David was determined to go one better and firmly plant the family name in the annals of political history.

His disgust at anti-social behaviour had endeared him to the voting public and it was a natural progression for him to represent the Party against the much-maligned Government. He hadn’t missed a chance to criticise the Prime Minister for his misgivings and tonight, he was launching the Party’s platform upon which they would aim to secure victory in the upcoming election.

“I want to say this to the people of Britain….” a purposeful pause extended beyond the sentence to let the words sink in for effect and the gathered crowd soaked it up… “No more do we have to sit in our houses protected by our doors and gates.”

“No more do we have to live under this self-imposed curfew!” 

Cheers and audible approval emanated as the puppet master started to control his willing audience. “No more do we pray our children return safely from their social escapades because today is the first day on the road to reclaiming these streets and taking back our towns!” rapturous applause erupted.

“…and I promise you this, I will not stop until this wonderful country of ours is restored to the green and pleasant land we all know it to be.”

“So join me in this upcoming election to remove these statues of uncertainty… statues of mediocrity that pointlessly flap around Whitehall and have done nothing but drive your country into the ground ever since they were elected and know this…” dramatic pause utilised to maximum effect…

“Know this… that we can make that change… FORWARD TOGETHER.”

The campaign slogan hung in the air and wrapped itself around the watching masses. They were completely lost in the moment and before long were repeating the words back in an almost chant-like fashion, fists punching the sky, smiles on faces that hadn’t witnessed such a feeling of hope for far too long…

“Forward together”
“Forward together”
“Forward together”

As if he’d just scored the winning goal in a World Cup Final, David Lawson raised his hands in celebration. He’d just won the first of many towns on his campaign trail.


A few streets away from the political event, a young girl was riding her bike in the concreted area between the garages belonging to the apartment block she lived in. She smiled to herself as her mind was lost in the happiness she felt at that very moment. The world was a wonderful place.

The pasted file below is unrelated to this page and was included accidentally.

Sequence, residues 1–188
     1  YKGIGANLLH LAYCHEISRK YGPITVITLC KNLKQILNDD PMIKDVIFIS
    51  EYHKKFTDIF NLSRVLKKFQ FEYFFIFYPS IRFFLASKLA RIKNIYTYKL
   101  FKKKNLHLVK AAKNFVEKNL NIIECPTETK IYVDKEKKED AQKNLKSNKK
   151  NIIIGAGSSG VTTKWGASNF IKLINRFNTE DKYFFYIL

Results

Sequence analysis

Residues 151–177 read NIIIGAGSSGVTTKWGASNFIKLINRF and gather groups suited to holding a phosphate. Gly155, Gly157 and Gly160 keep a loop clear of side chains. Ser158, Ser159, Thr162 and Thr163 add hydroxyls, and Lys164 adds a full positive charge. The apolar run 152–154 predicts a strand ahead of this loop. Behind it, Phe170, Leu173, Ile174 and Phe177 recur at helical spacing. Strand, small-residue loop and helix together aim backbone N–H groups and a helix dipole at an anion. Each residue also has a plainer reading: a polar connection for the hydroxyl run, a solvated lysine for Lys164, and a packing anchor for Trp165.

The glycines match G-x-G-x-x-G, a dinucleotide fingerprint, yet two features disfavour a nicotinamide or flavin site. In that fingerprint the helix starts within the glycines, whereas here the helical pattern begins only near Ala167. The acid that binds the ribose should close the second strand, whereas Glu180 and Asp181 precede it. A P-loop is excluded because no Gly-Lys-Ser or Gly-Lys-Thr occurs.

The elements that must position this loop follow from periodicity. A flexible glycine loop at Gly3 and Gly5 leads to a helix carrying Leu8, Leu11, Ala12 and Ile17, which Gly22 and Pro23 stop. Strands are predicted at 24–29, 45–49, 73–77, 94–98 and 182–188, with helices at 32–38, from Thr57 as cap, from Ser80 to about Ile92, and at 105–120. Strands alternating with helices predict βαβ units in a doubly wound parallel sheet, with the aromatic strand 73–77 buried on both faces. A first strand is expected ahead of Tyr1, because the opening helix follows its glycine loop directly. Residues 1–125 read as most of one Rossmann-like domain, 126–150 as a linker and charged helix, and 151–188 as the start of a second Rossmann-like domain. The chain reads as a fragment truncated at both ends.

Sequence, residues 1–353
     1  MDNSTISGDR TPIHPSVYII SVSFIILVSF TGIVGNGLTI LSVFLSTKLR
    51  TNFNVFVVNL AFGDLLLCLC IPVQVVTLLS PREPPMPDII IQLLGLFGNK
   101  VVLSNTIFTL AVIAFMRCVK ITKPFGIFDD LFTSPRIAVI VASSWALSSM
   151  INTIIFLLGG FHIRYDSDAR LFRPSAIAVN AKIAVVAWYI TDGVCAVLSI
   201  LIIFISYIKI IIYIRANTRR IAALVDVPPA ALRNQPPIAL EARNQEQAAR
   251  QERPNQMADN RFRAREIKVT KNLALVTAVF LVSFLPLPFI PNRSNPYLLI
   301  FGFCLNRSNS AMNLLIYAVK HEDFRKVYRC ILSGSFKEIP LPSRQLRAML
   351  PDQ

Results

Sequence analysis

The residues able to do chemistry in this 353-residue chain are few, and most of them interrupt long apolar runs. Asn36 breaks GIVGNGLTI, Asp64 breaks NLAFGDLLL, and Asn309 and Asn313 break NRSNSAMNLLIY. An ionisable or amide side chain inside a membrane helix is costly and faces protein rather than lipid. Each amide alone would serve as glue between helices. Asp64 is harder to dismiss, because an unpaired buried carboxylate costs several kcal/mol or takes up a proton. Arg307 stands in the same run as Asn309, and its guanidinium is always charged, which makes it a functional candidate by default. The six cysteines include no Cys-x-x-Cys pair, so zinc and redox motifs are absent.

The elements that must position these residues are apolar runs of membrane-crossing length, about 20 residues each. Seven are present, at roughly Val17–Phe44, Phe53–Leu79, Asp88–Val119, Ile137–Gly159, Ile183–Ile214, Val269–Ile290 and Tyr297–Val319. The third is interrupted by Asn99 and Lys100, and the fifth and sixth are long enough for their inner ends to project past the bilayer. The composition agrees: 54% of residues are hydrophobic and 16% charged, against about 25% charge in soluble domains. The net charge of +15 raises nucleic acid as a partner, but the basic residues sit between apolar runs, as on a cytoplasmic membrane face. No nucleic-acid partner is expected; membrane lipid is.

She’d lost track of time and was sure her mum would be shouting down for her any minute to come up for her tea. She wanted to use the last few minutes of playtime to continue feeling the majesty of motion.

She’d got the bike for her birthday from her mum’s friend Uncle Brian and had pretty much ridden it every spare moment she had since then. Dad was gone and Uncle Brian made mum happy so, as long as he keeps buying such amazing gifts, she didn’t mind.

The girl turned 180 degrees at the far end of the garages by the fence and started to make her way through another lap of her own private playground. As she neared the entrance to the road she notice her lace was untied.

She stopped, put the stand down on her bike and moved on to rectify her open lace. Under, over, under, over, she repeated in her head what her mum had taught her… Then suddenly, out of the corner of her eye, she noticed a third shoe appear. It was bigger than hers and she looked up…

A group of six older girls were standing there, two were holding her bike and one was towering over her camera phone ready to capture the scene.

The little girl rose to her feet only to receive a punch to her face. She fell instantly and the group starting kicking their victim with a hatred and fury she’d never experienced before.

The kicks continued on and on. It felt like they were never going to stop. Why…. was all the girl could think… why are they doing this?

Huddled on the ground in a sort of ball shape for protection the girl’s body became limp as the ferocious attack started to subside……